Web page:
Sunday, 12 December 2010


Peter Iver Kaufman's 1994 essay 'Augustine, Martyrs, and Misery' starts with a nice line from Augustine's Sermones (105:7:10):
Augustine said that Rome fell frequently, all too often into "utter moral depravity," occasionally into the hands of the city's enemies. Maybe Aeneas was to blame. He had shown poor judgment, hauling to Italy the gods that failed to save Troy. Subsequently, when the Gauls came to Rome's gates, those divine and purportedly vigilant protectors did remarkably little protecting. They later offered no resistance when Nero reduced Rome to rubble. Augustine held Aeneas's eulogist responsible for the terribly inflated expectations that made the city's humiliations all the more demoralizing; Virgil misled citizens, suggesting that Rome would stand forever. Christians should have known better. They had it on higher authority that heaven and earth would pass away.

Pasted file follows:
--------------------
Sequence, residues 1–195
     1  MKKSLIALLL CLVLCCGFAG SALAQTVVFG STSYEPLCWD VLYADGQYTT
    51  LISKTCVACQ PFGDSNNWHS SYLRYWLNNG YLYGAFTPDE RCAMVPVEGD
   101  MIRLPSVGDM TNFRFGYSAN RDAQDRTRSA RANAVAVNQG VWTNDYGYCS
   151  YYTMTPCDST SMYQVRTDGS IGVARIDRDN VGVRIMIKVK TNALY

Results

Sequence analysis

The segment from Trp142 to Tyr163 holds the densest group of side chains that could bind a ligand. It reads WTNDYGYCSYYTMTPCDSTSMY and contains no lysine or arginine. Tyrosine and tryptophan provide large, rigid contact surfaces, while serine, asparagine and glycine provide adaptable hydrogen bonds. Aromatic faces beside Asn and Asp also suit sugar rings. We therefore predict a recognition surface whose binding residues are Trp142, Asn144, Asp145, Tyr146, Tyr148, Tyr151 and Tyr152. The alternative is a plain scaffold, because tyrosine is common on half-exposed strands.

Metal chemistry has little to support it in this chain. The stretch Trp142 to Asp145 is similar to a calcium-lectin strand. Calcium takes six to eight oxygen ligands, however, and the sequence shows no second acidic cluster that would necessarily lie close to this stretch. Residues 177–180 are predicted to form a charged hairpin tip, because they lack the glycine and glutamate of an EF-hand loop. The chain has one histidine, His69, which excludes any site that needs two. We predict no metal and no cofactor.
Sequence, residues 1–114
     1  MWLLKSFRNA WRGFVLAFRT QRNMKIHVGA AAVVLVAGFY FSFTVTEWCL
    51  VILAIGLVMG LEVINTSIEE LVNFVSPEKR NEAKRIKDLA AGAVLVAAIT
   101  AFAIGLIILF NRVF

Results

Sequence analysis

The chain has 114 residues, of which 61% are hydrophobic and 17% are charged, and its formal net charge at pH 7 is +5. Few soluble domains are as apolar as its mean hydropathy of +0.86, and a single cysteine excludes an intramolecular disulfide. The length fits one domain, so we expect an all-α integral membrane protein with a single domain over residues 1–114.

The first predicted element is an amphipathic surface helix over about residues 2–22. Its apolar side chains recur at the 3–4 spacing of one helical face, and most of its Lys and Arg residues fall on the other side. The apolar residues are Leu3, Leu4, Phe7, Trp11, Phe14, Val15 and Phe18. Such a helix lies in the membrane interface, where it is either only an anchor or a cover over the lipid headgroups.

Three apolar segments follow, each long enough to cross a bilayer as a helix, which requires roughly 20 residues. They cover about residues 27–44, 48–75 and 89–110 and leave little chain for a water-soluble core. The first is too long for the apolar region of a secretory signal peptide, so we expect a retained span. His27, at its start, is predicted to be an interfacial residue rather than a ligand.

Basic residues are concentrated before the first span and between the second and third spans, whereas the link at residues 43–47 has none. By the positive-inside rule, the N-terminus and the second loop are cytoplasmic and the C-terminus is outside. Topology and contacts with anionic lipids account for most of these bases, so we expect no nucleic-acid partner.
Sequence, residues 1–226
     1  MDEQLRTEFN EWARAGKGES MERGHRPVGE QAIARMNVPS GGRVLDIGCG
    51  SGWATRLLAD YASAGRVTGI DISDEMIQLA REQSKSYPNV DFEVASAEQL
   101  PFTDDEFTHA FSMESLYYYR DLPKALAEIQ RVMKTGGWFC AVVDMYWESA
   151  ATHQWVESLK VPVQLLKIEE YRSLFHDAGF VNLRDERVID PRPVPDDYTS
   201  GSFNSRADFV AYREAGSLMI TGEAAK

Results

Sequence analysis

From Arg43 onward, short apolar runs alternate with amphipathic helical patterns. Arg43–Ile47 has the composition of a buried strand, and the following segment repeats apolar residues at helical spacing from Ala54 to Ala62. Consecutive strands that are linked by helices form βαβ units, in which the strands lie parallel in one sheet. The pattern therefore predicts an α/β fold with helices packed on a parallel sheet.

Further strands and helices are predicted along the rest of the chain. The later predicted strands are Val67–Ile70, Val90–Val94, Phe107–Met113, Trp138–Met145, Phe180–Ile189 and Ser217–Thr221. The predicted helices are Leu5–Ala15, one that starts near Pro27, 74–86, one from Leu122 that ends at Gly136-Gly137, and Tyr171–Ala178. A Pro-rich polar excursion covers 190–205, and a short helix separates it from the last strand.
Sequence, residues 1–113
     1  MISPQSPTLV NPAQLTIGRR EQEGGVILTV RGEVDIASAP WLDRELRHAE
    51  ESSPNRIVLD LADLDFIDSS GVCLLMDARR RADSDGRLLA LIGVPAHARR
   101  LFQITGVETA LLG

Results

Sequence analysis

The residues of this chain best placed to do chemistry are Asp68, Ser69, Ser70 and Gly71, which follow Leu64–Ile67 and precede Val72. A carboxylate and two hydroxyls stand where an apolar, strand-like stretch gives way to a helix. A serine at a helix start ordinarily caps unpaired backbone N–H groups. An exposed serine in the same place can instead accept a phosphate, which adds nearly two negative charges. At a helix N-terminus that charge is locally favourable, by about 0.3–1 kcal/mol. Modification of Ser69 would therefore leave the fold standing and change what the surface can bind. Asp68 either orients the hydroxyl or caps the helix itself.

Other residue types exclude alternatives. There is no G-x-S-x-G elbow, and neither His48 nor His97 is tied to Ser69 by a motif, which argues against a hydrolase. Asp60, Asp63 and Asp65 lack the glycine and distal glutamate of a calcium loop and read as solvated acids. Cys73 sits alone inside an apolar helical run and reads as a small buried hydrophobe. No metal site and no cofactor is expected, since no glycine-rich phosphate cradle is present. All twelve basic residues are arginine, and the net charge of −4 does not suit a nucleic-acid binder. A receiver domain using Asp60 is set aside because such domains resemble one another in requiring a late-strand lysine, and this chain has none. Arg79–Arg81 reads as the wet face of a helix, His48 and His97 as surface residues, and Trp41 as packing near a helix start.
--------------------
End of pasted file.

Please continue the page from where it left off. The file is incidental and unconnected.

I like this: the idea that the penates were 'failed gods', because they had not prevented the destruction of Troy (where Christ, who failed to prevent the destruction of Jerusalem is ...?) Or maybe there's something else going on here. The penates were 'originally the tutelary deities of the storeroom, Latin penus, the innermost part of the house, where they guarded the household's food, wine, oil, and other supplies. Cicero explained that they "dwell inside, from which they are also called penetrales by the poets. The 2nd-century A.D. grammarian Festus defined penus, however, as "the most secret site in the shrine of Vesta, which is surrounded by curtains." Macrobius reports the theological view of Varro that "those who dig out truth more diligently have said that the Penates are those through whom we breathe in our inner core (penitus), through whom we have a body, through whom we possess a rational mind."' In other words, the gods who failed were the inward gods, the gods of interiority, of consciousness. The God who succeeded, in Augustinian idiom, was the exterior God of outside judgment. There's a moral there, I suspect.

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